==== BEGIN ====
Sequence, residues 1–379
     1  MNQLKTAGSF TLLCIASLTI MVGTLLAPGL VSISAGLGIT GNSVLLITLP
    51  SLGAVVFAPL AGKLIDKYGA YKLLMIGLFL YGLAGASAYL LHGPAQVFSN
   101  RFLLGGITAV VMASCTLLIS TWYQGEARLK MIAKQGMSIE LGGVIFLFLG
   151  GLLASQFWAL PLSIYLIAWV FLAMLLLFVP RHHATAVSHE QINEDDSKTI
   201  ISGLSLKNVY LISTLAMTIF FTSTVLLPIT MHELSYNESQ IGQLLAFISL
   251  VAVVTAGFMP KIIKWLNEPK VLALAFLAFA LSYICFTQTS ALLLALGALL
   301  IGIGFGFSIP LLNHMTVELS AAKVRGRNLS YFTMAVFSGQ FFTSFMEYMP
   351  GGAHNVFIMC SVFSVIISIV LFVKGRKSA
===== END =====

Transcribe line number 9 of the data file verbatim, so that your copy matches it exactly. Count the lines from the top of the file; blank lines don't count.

   351  GGAHNVFIMC SVFSVIISIV LFVKGRKSA